MCD is scheduled to report its February sales results before the market open tomorrow, the 8th of March. There was no difference in the number of weekdays and weekend days in February 2011 versus February 2011.
Below I go through my view on what sales results the Street will receive as “GOOD”, “BAD”, and “NEUTRAL” for each region. To recall, January’s U.S. result was a mere 10 basis points above my expectation and represented a slowdown for the company’s domestic business. I expect this slowdown to continue in February. There is plenty of time for my thesis on MCD in 2011 to play out, so I will not be discouraged by an upside surprise in February. I am below the Street’s estimate and would note that a miss in February may spur the sell-side to rethink expectations ahead of 1Q results. As gas prices creep higher, putting pressure on casual dining chains, MCD may actually benefit slightly but certainly not enough to dissuade me from my bearish thesis on 2011. After all, as I noted in last month’s sales preview, drive-thru sales are important for MCD’s sales, so any share gained from casual dining may be offset, likely depending on just how high gas prices climb.
Below I go through my take on what numbers will be received by the street as GOOD, BAD, and NEUTRAL, for MCD comps by region. For comparison purposes, I have adjusted for calendar and trading day impacts.
U.S. – Facing an easy +0.6% compare (there was no calendar shift in February 2010):
GOOD: A print of roughly 3% or higher would be perceived as a good result, implying that the company has improved two-year average trends from January. I believe that any improvement in two-year average trends would be met positively by investors. I believe a result in the NEUTRAL range – closer to the lower end of roughly 2% - is most likely. To reiterate, I expect a greater proportion of the slowing in top line trends that I have projected for the U.S. business in 2011 to take place after compares step up in difficulty from March onward. At that stage, I expect a more obvious divergence to emerge between my projections and those of the sell-side. Of course, weak results tomorrow may precipitate a correction in Street expectations ahead of 1Q results but, given the darling status currently enjoyed by MCD on Wall Street, I anticipate some stickiness in current consensus.
NEUTRAL: Roughly 2% to 3% implies two-year average trends that are approximately in line with the calendar-adjusted two-year average trend in January. I would add that, in reality, a result towards the lower end of this range will not be received well and that is where I expect the U.S. comp to come in.
BAD: Below 2% would imply a significant deceleration in two-year average trends on a calendar-adjusted basis. Headline comps for the U.S. were low for December and January with similarly easy compares. A further deceleration in two-year average trends would likely call into question the direction of the U.S. business for 2011.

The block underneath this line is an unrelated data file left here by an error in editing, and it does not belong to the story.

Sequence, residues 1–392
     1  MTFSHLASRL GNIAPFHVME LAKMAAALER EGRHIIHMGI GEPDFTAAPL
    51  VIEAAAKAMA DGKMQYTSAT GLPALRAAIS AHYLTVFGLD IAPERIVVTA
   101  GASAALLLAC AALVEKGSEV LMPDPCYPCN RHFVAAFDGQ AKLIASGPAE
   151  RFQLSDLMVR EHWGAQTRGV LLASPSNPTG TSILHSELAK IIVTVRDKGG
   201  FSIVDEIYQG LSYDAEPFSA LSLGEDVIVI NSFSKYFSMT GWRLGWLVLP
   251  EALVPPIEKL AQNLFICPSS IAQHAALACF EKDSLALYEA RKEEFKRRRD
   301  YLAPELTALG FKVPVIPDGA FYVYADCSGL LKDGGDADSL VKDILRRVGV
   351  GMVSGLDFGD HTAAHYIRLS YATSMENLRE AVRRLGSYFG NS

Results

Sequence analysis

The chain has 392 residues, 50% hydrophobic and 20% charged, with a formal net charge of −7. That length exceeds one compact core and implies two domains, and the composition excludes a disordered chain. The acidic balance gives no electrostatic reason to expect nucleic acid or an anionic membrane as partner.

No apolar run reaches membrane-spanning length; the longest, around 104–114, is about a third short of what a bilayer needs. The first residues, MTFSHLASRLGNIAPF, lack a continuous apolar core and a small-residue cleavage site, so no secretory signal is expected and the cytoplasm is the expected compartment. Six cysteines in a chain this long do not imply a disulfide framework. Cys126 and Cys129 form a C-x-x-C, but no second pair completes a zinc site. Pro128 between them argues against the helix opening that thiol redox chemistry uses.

Europe – Facing a compare of +5.4% (there was no calendar shift in February 2010):
GOOD: A print of approximately 6% would imply two-year average trends significantly higher than those see in December and marginally better than the strong two-year average trends in January. An improvement, or even maintenance, of trends from January would be well-received given that the compare in February is significantly more difficult than that of January.
NEUTRAL: Between roughly 5% and 6% would imply a two-year average trend slightly below January’s trend. While a deceleration is usually received negatively, a slowdown is almost expected following a sharp gain in two-year average trends in January.
BAD: Below 5% would imply trends significantly below January’s and, while I believe some allowance will be made for a deceleration given the improved levels of two-year average trends on an absolute scale, the perception of January’s Europe result as being anomalous will likely drag sentiment.
APMEA – Facing a difficult 10.5% compare (there was no calendar shift in February 2010):
GOOD: Any positive same-store sales result from APMEA would be well-received by investors. Given the difficulty of the compare from February 2010, +10.5%, a same store-sales print of roughly 0.0% would imply two-year average trends approximately in line with January’s result. Additionally, a third consecutive month of strong two-year average trends flowing November’s disappointing number would bolster confidence in the APMEA business.
NEUTRAL: Between -1% and 0% would imply two-year average trends roughly in line with January.
BAD: Below -1% would obviously look bad from a headline perspective but, also, on a two-year average basis, this would imply a significant deceleration in two-year average trends from January.